The Alcatraz Conversations

I’m afraid I’ve waited a bit too long to write about the discussions that the 5th and 6th grade book groups had about Alcatraz Versus the Evil Librarians by Brandon Sanderson, and the details of the discussions have been lost in the haze of a couple of weeks of other book groups and lots of storytimes.  But I do want to mention in general that, surprisingly, the kids agreed with me.

In my previous post about this book, I confessed that I pretty much hate this book.  To quote myself, “It’s all a little too cute, too self-conscious, too adult – it’s impossible to get lost in the story, because the narrator keeps butting in with comments about the book or himself.  And the narrator, Alcatraz, is supposed to be a thirteen year old boy, but his rants and complaints sound more like a forty year old cranky grownup.”  There’s a sense that Sanderson is glorying in his own wit, celebrating how much smarter and funnier he is than his readers, and that really rubbed me the wrong way.

The 5th graders discussed the book first, and except for an initial whispered agreement with one girl who started off the discussion by saying that she hated the book, other than that I kept my mouth shut for twenty minutes or so and listened to them half-heartedly talk about the characters and the plot.  Finally, though, I mentioned that I hated the intrusiveness of the narrator, and the whole book group, in unison, said, “I HATED that!!!!”  Turns out the kids were as put off by the wise-aleck narrator as I was, and they spent the rest of the book group talking about how annoying the writing style was to them.  And in the next week’s book group discussion, the 6th graders didn’t wait for me to bring up the topic of the narrator, nor did they find much at all to love about the book.  One 6th grader had read several of the sequels, but she didn’t want to commit to being a “fan” of the series.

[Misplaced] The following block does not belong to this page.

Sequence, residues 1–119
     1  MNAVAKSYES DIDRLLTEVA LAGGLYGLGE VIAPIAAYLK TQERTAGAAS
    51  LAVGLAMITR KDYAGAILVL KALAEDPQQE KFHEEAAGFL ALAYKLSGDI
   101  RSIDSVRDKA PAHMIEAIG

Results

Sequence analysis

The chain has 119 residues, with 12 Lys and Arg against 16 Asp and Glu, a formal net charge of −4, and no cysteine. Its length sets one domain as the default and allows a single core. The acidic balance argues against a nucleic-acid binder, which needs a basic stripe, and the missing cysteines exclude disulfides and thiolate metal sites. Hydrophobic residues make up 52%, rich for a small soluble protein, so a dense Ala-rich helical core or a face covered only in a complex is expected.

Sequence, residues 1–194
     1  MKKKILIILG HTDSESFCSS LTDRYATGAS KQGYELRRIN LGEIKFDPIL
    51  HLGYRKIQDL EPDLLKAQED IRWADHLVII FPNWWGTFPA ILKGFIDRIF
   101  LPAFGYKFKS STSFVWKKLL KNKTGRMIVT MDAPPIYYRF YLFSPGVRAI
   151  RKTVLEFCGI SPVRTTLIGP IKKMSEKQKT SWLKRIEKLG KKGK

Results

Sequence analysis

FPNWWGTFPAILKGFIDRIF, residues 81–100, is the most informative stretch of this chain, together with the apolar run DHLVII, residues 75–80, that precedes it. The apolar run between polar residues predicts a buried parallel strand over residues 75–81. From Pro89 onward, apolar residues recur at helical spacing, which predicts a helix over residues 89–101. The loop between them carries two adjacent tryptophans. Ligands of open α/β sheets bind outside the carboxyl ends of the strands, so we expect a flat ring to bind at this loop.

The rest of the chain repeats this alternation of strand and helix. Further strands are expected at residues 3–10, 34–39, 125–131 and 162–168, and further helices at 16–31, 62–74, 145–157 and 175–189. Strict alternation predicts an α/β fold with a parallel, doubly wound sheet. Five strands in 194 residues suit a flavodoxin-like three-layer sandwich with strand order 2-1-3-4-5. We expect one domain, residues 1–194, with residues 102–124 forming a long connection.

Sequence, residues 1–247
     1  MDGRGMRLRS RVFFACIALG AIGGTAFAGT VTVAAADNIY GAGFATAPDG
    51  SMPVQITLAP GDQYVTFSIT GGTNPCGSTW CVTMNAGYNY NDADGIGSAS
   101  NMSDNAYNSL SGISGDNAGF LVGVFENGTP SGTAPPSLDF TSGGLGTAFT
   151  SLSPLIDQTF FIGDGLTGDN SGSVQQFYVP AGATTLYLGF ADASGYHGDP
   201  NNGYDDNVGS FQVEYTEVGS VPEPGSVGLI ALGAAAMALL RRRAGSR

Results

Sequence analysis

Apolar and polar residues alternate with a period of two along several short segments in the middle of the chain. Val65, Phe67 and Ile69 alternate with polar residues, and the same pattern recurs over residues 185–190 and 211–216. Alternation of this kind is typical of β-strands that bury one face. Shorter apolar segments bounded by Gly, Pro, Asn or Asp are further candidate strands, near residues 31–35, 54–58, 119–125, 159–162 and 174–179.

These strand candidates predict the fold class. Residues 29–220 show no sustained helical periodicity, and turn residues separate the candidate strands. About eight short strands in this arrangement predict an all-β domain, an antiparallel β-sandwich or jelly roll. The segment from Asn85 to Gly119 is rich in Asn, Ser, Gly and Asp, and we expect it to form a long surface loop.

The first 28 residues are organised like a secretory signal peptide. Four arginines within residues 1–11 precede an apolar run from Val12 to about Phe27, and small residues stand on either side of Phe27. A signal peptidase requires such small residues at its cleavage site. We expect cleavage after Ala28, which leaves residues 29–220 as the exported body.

So it’s true – sometimes the kids and I do have the same opinion about a book.  Many times I’m far harsher on a book than the kids are, but in this case I think the kids were actually harsher than I.  I respect that the author was trying something new, edgy, and different, because there is too much “safe” children’s literature these days.  But I’m glad that the kids in the book groups could clearly articulate their thoughts and criticisms of this book, and I think they gained a new perspective on literature as a whole through their discussions.